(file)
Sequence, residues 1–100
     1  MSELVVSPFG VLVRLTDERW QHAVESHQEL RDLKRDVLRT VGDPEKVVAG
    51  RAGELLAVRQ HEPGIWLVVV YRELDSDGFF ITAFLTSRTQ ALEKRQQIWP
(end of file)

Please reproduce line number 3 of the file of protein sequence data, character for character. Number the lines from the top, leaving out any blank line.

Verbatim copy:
    51  RAGELLAVRQ HEPGIWLVVV YRELDSDGFF ITAFLTSRTQ ALEKRQQIWP